Aug 16th, 2007
Related to my last story this one quotes a Which? magazine article outlining a decline in check usage.
A new survey shows that people in the UK that they don’t write as many checks as they used to. However, the new figures, from Which?, also say that consumers are not ready to give checks up and begin paying by card just yet. Some retailers, on the other hand, have either already quit accepting cards or are looking at doing so.
What’s interesting about this story is that it goes on to say that not all of the decline is consumer driven. Some companies, including some Wal*Mart stores have actually banned checks as a payment method.
An Asda spokesman said: ‘Cheques do take time and we know queues are a bugbear. Paying by cheque is more time-consuming than by card or cash.’
The move follows car fuel giant Shell’s decision last September to stop accepting cheques at its 586 forecourts in the UK.
However not everyone accepts the decline:
But cheques are still a popular way of paying smaller businesses and traders, such as plumbers and builders.
A spokesman for the Federation of Small Businesses said: ‘A large proportion of our members and small businesses in general still deal in cheques. They shouldn’t be penalised for that and should be able to carry on.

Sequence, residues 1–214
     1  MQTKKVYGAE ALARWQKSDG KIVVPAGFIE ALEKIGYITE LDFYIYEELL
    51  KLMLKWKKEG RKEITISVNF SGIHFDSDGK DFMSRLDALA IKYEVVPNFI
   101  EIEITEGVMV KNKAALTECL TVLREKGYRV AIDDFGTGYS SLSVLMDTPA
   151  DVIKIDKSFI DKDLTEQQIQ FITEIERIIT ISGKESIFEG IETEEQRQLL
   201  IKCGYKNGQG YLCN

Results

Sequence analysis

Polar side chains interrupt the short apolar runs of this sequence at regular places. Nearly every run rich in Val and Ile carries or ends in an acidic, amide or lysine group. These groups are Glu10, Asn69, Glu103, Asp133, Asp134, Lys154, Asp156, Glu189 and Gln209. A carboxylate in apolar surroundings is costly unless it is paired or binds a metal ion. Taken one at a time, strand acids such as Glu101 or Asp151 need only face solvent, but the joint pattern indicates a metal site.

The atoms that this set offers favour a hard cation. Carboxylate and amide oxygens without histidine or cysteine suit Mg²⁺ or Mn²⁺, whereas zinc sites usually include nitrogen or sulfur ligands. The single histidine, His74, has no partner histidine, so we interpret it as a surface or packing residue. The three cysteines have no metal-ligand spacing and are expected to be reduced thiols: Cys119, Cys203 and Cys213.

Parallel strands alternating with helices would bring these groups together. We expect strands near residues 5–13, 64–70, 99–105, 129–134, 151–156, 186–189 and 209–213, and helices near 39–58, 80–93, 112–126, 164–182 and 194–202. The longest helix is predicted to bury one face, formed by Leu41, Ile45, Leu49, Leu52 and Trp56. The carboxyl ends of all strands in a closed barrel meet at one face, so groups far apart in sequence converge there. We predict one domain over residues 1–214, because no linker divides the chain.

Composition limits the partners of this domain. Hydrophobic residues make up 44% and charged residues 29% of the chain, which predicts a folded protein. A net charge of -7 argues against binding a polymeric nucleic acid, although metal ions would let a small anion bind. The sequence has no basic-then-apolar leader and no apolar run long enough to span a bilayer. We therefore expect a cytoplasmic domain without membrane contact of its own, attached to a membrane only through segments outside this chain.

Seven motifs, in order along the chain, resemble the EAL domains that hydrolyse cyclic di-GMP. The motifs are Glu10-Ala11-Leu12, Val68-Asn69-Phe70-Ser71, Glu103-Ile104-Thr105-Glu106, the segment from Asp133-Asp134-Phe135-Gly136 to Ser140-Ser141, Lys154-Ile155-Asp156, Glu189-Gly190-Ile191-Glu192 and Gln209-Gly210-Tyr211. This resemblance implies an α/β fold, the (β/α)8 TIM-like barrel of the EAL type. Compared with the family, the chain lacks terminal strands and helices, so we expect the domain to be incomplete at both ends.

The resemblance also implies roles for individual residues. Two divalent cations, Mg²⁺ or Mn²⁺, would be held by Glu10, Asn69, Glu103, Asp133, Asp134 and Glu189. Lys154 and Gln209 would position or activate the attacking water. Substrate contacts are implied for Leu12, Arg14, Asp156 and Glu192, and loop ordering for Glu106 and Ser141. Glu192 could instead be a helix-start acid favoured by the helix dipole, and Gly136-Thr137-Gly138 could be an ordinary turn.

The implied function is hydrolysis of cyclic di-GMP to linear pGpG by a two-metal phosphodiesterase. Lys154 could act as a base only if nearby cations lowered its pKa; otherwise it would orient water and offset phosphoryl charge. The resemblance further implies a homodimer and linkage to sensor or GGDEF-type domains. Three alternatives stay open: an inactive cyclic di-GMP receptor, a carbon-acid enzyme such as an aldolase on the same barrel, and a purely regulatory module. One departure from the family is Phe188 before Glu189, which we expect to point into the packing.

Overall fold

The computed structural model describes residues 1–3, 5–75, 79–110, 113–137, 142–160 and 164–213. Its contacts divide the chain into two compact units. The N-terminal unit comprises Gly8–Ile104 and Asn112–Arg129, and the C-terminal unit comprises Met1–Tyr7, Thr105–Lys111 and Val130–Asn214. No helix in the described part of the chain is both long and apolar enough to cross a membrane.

‘I think there will be a natural evolution away from cheques to other forms of payment and the cheque will probably die out. But for the moment we don’t think people who want to pay by cheque should be forced to do otherwise.’
Note: in the UK (and in Canada) where these articles were written “check” is spelled as “cheque.”
The results of the survey still show that 57% find checks very useful.
|Cheques: Your opinions on the value of cheques|
|Your views||% agreement|
|Use cheques less than they did 5 years ago||72%|
|Find cheques really useful||57%|
|Have paid by cheque at least once in the past month||55%|
|Have received at least one cheque in the past month||40%|
|Find it annoying to get a cheque||23%|
|Have been refused when trying to pay by cheque in the past year||4%|
Source for the check usage survey chart.